This doesn't address Krauthammer's security based argument, but it does point out that we are still far from ready to defend never mind implement the consequences of the total carbon consumption argument. To oppose ANWR and OCS exploitation on these grounds commits us to an argument that no new carbon fuel resources should be developed and that the only way to address rising fuel costs is to reduce demand worldwide.

If there is a flaw in the argument it is this: The argument that Krauthammer needs to address, however, is whether it would be a better means to energy independence to reduce consumption by those same 1 million barrels a day in 2030 than to open ANWR and OCS to drilling. 


6 thoughts on “Krauthammer and Krugman”

  1. So we consume 15 million barrels of foreign oil a day. About 2/3 of which comes from five countries (Canada (2.5 million), Sauda Arabia (1.5), Mexico (1.3), Venezuela (1.1), and Nigeria (1.1) (rough numbers from the DOE site–they don’t add up to Krauthammer’s but the point doesn’t depend on exact numbers)

    But the mean case for <a xhref=””>ANWR exploitation (again DOE info)</a> is in the neighborhood of 700,000 barrels a day (for the late 2020’s). Cumulatively it’s around 2.5 billion barrels of oil that we would get over a timeframe of 12 years. Not to be sneezed at.

    Similar point can be made about outer shelf drilling, only here we’re talking about 8-18 billion barrels (depending on whether CA keeps it’s moratorium, which seems likely) <a xhref=””>DOE analysis here</a> with an increase of the neighborhood of 200,000 barrels a day in 2030.

  2. What I don’t understand is why are the two (drilling & developing other sources of energy) mutually exclusive? Do we think that if we don’t drill we’ll be more motivated to find other sources of energy? Or that the demand will go down because the supply is low? Or make carbon fuel so expensive that we’re forced into other resources?

  3. I think that you’re right that they are not mutually exclusive. Obama seems to be willing to give in on opening these regions to drilling in exchange for concessions on other issues. That seems reasonable to me. Opposing offshore drilling because you are trying to “save the planet,” as Pelosi said, seems to overstate the consequences. It seems as though the opposition to drilling falls back into a version of NIMBY, or NIMPW (Not In My Pristene Wilderness), which is really what Krauthammer attacks.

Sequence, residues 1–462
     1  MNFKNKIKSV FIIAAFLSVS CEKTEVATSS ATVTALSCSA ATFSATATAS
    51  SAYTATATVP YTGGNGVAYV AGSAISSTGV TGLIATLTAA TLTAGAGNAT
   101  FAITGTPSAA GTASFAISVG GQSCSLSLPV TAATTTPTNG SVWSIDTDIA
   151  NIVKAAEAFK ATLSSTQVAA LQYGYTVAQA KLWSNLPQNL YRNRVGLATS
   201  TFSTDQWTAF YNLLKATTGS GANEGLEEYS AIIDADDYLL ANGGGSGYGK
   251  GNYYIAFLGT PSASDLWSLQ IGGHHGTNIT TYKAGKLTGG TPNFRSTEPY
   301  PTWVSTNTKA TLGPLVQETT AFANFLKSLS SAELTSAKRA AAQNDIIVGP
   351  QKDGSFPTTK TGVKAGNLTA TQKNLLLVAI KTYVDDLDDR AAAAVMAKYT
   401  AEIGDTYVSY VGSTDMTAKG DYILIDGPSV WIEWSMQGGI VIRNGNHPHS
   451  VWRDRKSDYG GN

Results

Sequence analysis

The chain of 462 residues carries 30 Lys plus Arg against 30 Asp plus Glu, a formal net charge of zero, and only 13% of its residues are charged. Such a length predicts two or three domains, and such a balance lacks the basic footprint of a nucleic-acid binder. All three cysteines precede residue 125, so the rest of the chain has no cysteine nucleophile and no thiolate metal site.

4. “The net environmental effect of Pelosi’s no-drilling willfulness is negative.”

    That is absurd, it seems to me. He’s tricking his own brain, perhaps, in trying to come up with some reason to be negative about Pelosi’s “willfulness” (as if only she is being willful in the debate and that it is a bad thing). 

    So, there are six (for example) oil wells. And not drilling one more “does nothing to lessen worldwide environmental despoliation?”

    It would, if the new well made one “foreign” one go away (which will not really happen), just move the despoilation to Alaska. (Were we Americans, less corrupt, more efficient, more stable, will not let it be so despoiling as those “foreigners?” Yeah, right. Certainly, Nigeria’s oil fields are despoiling their country, but drilling in the U.S. will never change that.)

    The only way to stop “worldwide environmental despoliation” is to stop drilling and digging fossil fuels. Like by phasing out the internal combustion engine (among other things) by 2020.

    How can Krauthammer remain a “pundit?”

  5. It’s a hard question. Let’s assume that regulation of oil wells and company interests in their publicity is stronger here than say Nigeria. If one oil well here replaced one there, then K.’s point would seem reasonable.

    But, his argument works the other way, not drilling in the U.S./coastal waters results in opening a oil well elsewhere assuming demand rises, and that foreign oil well, he claims will be more likely to cause environmental damage than a domestic one. (I don’t know whether this is true, but it seems plausible at least).

    So, he argues, the only reasons to be opposed to opening these areas to drilling (he concludes) is willfulness (assuming that you don’t believe that carbon consumption should be capped right now and no new supplies of oil should be developed–this last point he doesn’t make explicit, but seems to be assumed.).

    I think the argument is less silly than it appears at first, though I certainly agree that the only way to reduce environmental despoliation is phasing out the internal combustion engine. I think he is basically accusing Pelosi and others of NIMBY arguments as their real opposition to drilling (we want more oil, but we don’t want it taken from our wilderness/coastal waters, let’s let Nigeria wreck their environment).